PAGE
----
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How The Talk To Text Feature Could’ve Ended My Friendship

Imagine that you start a friendship with someone. You feel eager to get to know them, and you text each other frequently. You and your new friend aren’t at the stage where you can jokingly tease each other yet. And then, when everything’s going well, you make an embarrassing text mistake and worry about how your friend will take it.

I know that feeling well because it happened to me. Ten years ago, my sibling brought a friend over, and the friend and I just clicked. We got along so well that we exchanged numbers and looked forward to becoming friends. I felt like I knew this person from the beginning, but there was so much I didn’t know about them, like how they would react to specific language. I didn’t yet know what they would find offensive and what they would laugh off.

My new friend quickly learned that because of my disability, I use “talk-to-text” to write and send messages, and they seemed to completely accept all aspects of my disability, which was wonderful. But a few months into our friendship, I accidentally put our bond to the test during a texting session. My friend asked me a question, and I wanted to respond with a “no.” I spoke the word “no” into my phone… but that’s not what my phone heard. The word “hoe” popped into my text instead, and as I panicked about changing the wording, I accidentally sent the message to my new friend!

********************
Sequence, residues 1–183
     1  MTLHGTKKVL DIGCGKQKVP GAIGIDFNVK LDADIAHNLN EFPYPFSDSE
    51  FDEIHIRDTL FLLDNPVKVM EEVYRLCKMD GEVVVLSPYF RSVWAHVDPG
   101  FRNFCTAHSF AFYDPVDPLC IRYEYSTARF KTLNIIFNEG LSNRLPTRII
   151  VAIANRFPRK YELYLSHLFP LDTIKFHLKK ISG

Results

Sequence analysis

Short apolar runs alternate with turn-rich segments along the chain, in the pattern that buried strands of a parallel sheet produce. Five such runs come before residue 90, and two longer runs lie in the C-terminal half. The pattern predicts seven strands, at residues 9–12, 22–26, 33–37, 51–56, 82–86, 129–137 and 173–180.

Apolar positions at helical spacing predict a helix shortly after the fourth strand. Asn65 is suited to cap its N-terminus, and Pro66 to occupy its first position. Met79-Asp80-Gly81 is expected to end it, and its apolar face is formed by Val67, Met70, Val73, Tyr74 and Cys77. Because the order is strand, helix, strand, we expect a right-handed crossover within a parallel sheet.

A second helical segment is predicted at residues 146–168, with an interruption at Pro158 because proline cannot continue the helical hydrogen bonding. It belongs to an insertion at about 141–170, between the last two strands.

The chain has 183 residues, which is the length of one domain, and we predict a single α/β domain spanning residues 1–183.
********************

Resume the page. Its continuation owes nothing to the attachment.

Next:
I immediately felt completely embarrassed about my texting mistake. “Talk-to-text” did me so dirty, and now, what would my friend think? Would they think that I was okay with casually calling them a “hoe?” Would they think I was being disrespectful? What if I completely ruined a promising friendship? In my mind, there was no way that this could possibly end well for us.

Another one of my friends, who knew that I was a respectful person with a disobedient phone, tried to calm me down. After laughing at my mistake, she mentioned that she thought everything would be fine. I didn’t completely believe it, but it made me feel better. Maybe my new friend would just find it funny?

Later, my new friend texted me back. I anxiously opened the message, scared of what they said.

“What did you call me?”

Oh no. My new friend would be upset. I texted them to explain the situation and tell them  about how awful my “talk-to-text” feature is sometimes. I told them that I wanted to type “no” ’but made a big mistake.

“It’s okay. You can call me whatever you want!” my friend replied.

It turns out my friend thought that the incident was funny and the “friendship-ending” mistake I made was no big deal. That day, I learned that this person was a true friend — they were able to trust me and handle mistakes with a sense of humor. 

10 years later, I’m still friends with this person, and we haven’t forgotten my texting mistake. We both embraced the incident and now, I (lovingly) call them a “hoe” all the time. My friend is my “number-one hoe” — no one else I’d rather go through life with. I love that my “number-one hoe” can laugh with me and turn mistakes into a bonding experience rather than let mishaps push them away.

True friends don’t care which technology you use to communicate, and they’ll stay by your side when your adaptive technology accidentally calls them names. The best friends will hear you out and give you the benefit of the doubt when you mess something up. Using “talk-to-text” has taught me many things, but I never thought that I’d learn that it’s a funny way to bond with a friend. The most important lesson? Whether you text manually or use “talk-to-text,” always check your texts before you send them

Photo by Jae Park on Unsplash



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